The rather impressive rallying of protest against the SOPA legislation in the US will need to be repeated many times. I am sure it will be just one fight among many more.
It’s no longer OK to NOT know how the internet works.
Actually, let’s say that again.
It’s no longer OK to NOT know how the internet works
There are 2 ideas in that statement.
Firstly it’s an acknowledgement that some of the people attempting to structure our world through this legislation don’t understand the landscape of their businesses models, and subsequently are misunderstanding the impact of their proposals.
Secondly, and much more importantly, it’s an acknowledgement that we the people have been complicit in this situation. It acknowledges that unless we all try to understand how the internet works then we cannot possibly, through our democratic institutions (or otherwise, frankly), make informed choices about some of the most essential and urgent issues facing 21st century society.
I don’t read that banner and hope it was written for the executives at the MPAA to see. I hope it was written for everyone to see.
It’s no longer OK to NOT know how the internet works
Once again though, it simply isn’t that easy. On the face of it, even, this seems like a rather contradictory demand. In the name of freedom it obligates everyone to become expert in some rather arcane and complex matters. It is clearly not reasonable to expect all adults to attain specific levels of expertise, in anything, quite frankly. We cannot legislate knowledge.
Moreover, we never have expected our citizens to hold an obligation to learn and update a widespread and accurate knowledge of the great issues of the day. There is no reason to expect that tradition to change.
In times past we relied on the great Statesmen (capital S intended) to do right by us and make informed and intelligent decisions based around an expectation that the government worked specifically for the good of the citizenry, actively and directly. Issues were generally simpler and the reach of the law was more limited. There was space to hide. Hollywood itself was, after all, located quite specifically to escape the legal enforcement of Edison’s technology patents for film making and distribution. A great deal of human innovation, it turns out, has challenged, and broken, legalised monopolies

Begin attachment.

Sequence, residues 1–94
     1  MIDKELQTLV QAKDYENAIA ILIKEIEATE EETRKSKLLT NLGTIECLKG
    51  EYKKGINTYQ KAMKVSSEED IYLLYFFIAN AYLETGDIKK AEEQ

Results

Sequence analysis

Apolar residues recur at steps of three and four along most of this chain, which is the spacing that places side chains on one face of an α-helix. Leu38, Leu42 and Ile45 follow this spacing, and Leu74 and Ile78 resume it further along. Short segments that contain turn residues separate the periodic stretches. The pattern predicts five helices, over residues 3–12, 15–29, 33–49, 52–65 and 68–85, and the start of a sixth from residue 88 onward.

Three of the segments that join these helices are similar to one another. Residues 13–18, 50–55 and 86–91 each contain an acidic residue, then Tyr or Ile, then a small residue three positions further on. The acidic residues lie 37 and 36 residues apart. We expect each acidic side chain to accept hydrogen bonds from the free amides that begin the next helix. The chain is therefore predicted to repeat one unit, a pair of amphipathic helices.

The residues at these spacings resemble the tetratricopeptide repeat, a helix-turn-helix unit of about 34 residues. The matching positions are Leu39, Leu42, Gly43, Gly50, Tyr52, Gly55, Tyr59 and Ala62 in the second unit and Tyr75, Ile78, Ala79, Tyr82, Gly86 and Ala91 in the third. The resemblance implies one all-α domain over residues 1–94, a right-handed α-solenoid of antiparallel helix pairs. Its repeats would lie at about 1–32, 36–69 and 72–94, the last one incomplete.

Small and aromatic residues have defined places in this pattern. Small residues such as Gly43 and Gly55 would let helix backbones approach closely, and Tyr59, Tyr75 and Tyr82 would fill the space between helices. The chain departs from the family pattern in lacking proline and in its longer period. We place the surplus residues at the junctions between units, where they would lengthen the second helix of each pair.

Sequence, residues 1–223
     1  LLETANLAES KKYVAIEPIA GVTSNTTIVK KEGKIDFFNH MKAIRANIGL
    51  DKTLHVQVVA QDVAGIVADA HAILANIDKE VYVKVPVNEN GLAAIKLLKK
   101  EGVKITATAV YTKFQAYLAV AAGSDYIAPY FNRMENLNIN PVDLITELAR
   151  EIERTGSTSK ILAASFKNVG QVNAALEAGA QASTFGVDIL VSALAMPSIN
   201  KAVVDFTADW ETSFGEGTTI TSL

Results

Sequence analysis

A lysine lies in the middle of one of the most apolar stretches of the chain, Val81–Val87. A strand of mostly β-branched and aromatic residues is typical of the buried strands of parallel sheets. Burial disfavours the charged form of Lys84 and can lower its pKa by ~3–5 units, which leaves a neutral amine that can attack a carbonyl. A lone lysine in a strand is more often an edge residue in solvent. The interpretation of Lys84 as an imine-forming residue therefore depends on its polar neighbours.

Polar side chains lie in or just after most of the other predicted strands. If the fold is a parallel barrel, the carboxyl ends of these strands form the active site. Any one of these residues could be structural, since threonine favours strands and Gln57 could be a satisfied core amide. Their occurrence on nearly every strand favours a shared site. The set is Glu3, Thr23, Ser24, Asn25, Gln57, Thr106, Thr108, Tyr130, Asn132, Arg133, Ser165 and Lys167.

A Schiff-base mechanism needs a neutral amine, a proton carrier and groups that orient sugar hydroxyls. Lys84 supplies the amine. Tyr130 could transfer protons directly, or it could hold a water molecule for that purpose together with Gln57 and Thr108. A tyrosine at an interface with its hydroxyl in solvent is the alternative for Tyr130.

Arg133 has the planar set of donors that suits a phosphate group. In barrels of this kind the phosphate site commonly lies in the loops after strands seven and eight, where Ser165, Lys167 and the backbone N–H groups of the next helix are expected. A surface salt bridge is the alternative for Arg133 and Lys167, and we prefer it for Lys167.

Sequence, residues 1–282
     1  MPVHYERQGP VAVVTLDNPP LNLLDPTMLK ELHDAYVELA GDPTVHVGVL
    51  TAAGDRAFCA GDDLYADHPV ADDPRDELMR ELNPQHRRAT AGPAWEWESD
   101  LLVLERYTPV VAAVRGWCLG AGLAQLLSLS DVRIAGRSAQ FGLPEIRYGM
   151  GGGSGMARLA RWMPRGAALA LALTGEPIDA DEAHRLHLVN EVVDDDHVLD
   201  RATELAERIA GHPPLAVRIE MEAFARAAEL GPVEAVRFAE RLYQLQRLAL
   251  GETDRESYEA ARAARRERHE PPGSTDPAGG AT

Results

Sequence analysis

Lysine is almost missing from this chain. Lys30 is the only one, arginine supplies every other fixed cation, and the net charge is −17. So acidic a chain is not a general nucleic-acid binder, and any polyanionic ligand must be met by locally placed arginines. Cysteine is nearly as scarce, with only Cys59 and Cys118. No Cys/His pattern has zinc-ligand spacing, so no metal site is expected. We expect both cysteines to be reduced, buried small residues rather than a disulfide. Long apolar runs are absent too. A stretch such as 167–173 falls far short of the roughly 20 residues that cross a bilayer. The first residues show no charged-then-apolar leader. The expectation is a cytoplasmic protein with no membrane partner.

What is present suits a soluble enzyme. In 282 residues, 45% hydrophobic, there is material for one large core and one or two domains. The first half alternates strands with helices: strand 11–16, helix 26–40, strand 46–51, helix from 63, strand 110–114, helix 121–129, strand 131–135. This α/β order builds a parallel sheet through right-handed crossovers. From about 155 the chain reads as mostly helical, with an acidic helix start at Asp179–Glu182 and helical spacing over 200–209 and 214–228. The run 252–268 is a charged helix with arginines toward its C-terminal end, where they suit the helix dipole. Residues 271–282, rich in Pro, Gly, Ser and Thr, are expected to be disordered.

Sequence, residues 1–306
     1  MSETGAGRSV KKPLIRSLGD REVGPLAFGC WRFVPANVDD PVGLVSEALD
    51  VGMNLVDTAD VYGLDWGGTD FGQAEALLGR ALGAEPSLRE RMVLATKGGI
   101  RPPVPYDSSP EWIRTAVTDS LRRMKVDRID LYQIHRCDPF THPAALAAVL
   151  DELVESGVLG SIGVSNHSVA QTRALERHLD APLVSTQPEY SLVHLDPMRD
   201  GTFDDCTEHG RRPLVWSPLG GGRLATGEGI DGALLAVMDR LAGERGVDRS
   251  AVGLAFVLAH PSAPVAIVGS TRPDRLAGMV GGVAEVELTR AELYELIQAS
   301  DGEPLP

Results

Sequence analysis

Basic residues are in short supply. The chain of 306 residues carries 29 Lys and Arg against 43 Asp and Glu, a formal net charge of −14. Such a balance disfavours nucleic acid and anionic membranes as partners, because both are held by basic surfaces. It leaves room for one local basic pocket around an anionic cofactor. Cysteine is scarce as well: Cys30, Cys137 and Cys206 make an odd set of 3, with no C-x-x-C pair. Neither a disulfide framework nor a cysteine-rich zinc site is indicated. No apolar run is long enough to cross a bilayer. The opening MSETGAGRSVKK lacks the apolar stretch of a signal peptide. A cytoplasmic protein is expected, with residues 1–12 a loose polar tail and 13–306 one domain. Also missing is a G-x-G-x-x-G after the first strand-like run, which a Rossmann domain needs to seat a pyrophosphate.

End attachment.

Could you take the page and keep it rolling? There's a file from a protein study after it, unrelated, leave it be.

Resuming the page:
So, let’s simplify the issues where we can. Let’s try to make it easier to understand. But more fundamentally let’s find ways to replace the trust we used to have in Statesmen, with trust in new forces (maybe some of the newly forming online communities, communities that are going to have power whether we want them to or not), let’s use the technology of the day to bring transparency to the process not censure.
These are big formative issues, so much more than a simple commercial conflict. Copyright and patent law, and how they change in the coming years will be one of the fundamental pillars of the new economic ordering of society. Property protection (intellectual or otherwise) is and always has been a fundamental aspect of the rule of law that underpins stable economies.
What is different today is that the incumbent and desired methods of enforcement will break todays dominant technology. Somethings gotta give.
This series of posts will look at the intersection of the relevant law and the relevant technology with regard to the copyright / content paradigm issue currently playing out in actuality.
The 2nd post will look at what we can learn from Malcolm Mclean and containerisation, the 3rd will argue for exclusive protections for essential carrier infrastructure, the 4th post will examine the economic paradox, while the 5th one will argue for and make suggestions for copyright reform.